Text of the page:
The thing about grief is that it has a sneaky way of showing up when I least expect it. When I am alone. On the side of a mountain sitting there staring at mountain goats and flowers wondering how the hell they survived among these rocks and cold. And then it triggers the emptiness and desperation that transfers into my grief being activated for the next several months, and then more intensely over the holidays. While hiking the mountain for several hours, I became hyperaware there was no one around me to offer support, reassurance, or their presence (my group lacked following the safety protocol of staying together, which we have since discussed for future travels). When I feel alone,  I want to reach for the people closest to me in the here and now, but it’s hard to allow myself to be seen. Like many people who struggle with depression, I go completely inward toward the sadness, which only perpetuates the loneliness. 

I had written this piece in late December of 2020, during the pandemic. It helped me to summarize many of the images and feelings I had been mulling over for the three years leading up to my mountain climb. It was cathartic and allowed me to access an inner voice that stood in place as witness. I became my own healing entity finding support in the images and sensations that come up as I wrote. Every now and again the sadness becomes overwhelming, but it often remains a faded memory in the distance. It helps to remind myself that it’s okay. This is hard. Loss is hard. The absence of what I imagined would be is hard. And there is nothing wrong with that. I learn to notice Grief without judgment. I learn to live alongside it rather than trying so desperately to fight against or contain it. I learn to be in relationship with it in a way that allows me to keep moving.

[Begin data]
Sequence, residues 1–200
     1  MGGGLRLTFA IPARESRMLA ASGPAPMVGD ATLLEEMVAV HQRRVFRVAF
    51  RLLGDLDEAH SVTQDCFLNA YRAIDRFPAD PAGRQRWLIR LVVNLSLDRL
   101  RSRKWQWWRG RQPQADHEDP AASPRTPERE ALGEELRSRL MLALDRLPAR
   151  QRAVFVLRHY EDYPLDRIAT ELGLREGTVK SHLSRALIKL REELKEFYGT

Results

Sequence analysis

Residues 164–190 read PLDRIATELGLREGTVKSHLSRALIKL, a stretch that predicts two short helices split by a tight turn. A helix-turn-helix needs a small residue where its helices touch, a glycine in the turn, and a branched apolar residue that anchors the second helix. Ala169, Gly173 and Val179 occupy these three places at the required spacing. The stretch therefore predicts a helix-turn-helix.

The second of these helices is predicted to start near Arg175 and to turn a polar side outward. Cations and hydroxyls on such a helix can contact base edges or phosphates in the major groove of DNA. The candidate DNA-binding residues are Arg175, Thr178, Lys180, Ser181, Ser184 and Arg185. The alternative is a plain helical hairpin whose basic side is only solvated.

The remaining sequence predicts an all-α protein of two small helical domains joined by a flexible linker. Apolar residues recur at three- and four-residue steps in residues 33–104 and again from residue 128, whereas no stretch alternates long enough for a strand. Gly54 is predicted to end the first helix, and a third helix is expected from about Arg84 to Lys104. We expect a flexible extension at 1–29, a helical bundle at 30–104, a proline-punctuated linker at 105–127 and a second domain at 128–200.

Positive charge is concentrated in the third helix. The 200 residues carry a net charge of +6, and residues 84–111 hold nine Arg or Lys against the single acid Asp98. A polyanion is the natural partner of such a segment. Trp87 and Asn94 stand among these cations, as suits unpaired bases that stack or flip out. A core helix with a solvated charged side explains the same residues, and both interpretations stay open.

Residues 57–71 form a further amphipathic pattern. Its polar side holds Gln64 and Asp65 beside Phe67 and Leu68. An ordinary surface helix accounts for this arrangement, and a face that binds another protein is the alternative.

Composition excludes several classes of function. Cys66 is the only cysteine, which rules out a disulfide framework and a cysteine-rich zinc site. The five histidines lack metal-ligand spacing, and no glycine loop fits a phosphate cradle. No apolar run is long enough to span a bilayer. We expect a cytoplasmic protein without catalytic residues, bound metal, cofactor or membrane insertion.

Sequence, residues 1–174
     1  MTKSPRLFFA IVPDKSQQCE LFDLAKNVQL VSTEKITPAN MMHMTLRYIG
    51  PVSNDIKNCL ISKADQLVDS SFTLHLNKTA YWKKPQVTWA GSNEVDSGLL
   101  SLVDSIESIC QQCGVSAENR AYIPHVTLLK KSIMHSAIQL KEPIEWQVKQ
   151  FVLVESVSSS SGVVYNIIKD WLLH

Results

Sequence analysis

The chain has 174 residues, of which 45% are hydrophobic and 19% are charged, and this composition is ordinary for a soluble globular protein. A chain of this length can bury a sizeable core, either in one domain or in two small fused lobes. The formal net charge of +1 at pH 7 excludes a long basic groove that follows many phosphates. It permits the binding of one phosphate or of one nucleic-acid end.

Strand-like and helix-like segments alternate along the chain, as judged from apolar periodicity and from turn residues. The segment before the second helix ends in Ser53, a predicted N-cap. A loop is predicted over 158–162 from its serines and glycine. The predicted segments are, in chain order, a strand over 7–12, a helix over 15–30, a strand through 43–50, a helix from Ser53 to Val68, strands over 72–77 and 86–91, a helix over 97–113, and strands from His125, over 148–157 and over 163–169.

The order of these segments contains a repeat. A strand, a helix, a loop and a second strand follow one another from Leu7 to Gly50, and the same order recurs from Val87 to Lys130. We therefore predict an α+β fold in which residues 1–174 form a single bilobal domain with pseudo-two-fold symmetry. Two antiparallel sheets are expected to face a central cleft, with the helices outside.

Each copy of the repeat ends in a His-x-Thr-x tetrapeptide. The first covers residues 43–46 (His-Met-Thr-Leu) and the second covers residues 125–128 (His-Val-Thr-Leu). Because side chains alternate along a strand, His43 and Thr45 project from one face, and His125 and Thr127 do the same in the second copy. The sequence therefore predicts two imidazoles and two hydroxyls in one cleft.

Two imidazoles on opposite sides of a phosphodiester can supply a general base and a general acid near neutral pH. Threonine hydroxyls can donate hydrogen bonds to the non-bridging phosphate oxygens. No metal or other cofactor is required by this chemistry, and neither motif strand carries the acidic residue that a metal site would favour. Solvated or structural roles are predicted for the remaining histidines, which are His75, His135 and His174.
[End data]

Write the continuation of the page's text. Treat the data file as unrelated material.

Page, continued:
(btm left photo by Bethany Collings and btm right photo by Stephanie Wood)

3 thoughts on “Grief

  1. Thank you for sharing this, Rachel. I loved the line, “This is a really hard thing. But so was that.” I think your language about grief is so spot on. You have a really poetic way of writing about hard things, which is a gift.

    Liked by 1 person

    1. Thank you so much, Sarah. I’m very pleased my attempts to translate the emotional things seem to be understood by readers. It’s not only healing for me to write about, but exciting to know there is a co-healing perhaps taking place with readers (and friends).

      Like